Sunday, May 18, 2008

Tall tales

I've been thinking a lot about the whole Malcolm Gladwell "perverse and often baffling" story and the medium through which it was presented.

This place called the Moth strikes me as an interesting contemporary phenomenon that looks back to the oral tradition that used to be such an important component of life. The Moth is a stage in New York where people gather to tell both true stories and the occasional tall tale, but it is all presented as non-fiction for the added entertainment that suspended disbelief brings.

There was a time when storytelling held an important place in society. Of course, it is still very important, but through the mediums of books, television and movies instead of by vocal delivery.

So, I think that what the Moth and its performers are doing is great.

While I'm home for the month of May, I'm working for the Globe (Joplin's daily newspaper) as a stringer, which is kind of one step above a freelancer, because I'm actually on call for assignments.

I was covering a story about a ceremony for a Confederate soldier who had previously had an unmarked grave. The cemetery recently received a standard, government-issue headstone to mark the grave, so they were holding a memorial.

As I was on my way, I was thinking about the hilarity of Gladwell's fictional account, and I was wondering how he had come up with that tall tale. Then I realized that his story was based on a kernel of truth and an active imagination...

While I was thinking this over, I arrived at the cemetery. Looking around, I saw the customary green tent that is so familiar at cemeteries. I was right on time, according to the information I had been given about the event, but apparently they had already started.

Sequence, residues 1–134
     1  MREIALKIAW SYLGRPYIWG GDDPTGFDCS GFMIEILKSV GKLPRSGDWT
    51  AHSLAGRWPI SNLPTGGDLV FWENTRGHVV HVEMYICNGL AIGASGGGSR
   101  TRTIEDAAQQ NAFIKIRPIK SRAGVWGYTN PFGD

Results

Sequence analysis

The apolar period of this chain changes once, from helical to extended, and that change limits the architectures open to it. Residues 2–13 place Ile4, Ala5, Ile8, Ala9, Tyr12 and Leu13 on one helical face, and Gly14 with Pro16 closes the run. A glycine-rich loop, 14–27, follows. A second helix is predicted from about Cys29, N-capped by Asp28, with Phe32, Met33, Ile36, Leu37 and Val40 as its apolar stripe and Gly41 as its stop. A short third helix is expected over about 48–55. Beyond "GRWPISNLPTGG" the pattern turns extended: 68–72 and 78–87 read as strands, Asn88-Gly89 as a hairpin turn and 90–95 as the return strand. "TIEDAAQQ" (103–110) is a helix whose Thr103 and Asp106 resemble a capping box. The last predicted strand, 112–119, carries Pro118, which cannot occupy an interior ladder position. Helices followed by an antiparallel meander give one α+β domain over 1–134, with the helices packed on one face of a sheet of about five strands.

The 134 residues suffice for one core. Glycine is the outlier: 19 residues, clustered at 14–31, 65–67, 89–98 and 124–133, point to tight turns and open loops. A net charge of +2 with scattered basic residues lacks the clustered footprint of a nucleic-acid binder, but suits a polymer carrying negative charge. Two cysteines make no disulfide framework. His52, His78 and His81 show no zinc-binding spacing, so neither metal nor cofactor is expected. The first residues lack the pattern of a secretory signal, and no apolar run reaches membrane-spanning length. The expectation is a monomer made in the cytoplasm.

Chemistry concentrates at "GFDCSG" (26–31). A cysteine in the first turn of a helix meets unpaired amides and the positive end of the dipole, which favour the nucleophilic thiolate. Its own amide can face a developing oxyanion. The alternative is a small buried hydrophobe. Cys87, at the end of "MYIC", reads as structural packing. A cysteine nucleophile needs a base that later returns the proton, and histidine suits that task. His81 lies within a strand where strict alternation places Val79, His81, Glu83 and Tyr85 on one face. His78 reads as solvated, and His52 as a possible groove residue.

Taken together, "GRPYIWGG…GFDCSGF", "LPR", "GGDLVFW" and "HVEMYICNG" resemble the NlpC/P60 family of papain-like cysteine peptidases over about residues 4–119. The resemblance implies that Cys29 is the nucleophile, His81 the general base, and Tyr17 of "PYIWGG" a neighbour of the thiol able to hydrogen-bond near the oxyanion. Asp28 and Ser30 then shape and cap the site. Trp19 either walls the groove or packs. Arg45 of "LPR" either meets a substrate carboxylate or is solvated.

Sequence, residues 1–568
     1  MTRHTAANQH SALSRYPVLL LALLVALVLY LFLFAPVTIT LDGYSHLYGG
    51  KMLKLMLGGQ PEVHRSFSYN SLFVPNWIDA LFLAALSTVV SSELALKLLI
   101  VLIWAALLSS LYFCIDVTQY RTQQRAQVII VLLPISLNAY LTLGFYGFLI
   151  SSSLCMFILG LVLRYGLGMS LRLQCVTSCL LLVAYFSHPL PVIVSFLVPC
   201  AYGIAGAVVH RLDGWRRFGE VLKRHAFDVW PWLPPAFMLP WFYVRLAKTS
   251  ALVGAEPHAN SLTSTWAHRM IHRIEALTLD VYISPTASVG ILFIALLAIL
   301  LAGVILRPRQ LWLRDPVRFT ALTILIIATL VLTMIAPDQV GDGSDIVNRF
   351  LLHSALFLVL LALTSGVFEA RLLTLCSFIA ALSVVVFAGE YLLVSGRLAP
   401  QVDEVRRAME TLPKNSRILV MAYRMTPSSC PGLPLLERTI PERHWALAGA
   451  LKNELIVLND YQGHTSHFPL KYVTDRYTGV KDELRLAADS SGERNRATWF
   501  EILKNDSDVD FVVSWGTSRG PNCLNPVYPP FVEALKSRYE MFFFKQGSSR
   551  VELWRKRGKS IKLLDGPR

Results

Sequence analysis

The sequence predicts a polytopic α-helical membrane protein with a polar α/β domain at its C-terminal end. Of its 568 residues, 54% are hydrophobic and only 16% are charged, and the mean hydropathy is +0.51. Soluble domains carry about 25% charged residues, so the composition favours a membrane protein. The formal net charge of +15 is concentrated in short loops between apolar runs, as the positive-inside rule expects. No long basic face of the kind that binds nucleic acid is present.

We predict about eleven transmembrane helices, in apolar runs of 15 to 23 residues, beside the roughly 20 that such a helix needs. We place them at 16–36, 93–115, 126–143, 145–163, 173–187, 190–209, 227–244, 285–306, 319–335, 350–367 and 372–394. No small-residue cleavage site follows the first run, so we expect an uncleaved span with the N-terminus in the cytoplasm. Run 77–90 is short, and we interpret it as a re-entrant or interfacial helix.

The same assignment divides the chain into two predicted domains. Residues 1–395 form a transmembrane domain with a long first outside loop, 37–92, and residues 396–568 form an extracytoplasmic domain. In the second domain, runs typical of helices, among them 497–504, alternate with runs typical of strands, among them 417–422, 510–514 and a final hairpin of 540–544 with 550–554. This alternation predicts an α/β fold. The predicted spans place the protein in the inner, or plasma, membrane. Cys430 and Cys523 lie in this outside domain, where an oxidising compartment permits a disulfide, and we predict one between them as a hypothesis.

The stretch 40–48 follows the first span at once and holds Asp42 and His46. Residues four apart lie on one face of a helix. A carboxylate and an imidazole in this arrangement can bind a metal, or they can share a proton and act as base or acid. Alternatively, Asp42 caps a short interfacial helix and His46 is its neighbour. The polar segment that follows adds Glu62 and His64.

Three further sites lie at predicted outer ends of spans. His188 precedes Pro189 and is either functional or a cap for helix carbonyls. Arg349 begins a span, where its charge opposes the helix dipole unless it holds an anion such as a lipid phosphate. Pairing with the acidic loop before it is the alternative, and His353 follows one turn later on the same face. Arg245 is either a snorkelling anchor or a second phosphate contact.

Seeing that the information I had was inaccurate, I realized that I had to move fast to get my sources. This was compounded by the fact that a tornado was reportedly fast approaching, and everyone was understandably anxious to leave.

So, I approached the woman who was obviously role playing as the soldier's widow. (The historical group who was putting on this ceremony had staged a similar event for a Union soldier the last two years, and they had made sort of a dramatic production out of it.)

"Hi, I'm Seth Putnam with the Joplin Globe," I said. "Can you tell me a little bit about how this memorial service came to be and why it's important to commemorate this man?"

She gave me a stricken look and tried to say something.

I looked over at the memorial and pictures of the deceased, and it slowly dawned on me that this was...a real funeral.

1 comment:

Me said...

oh holy shit, putnam.

do tell the rest...?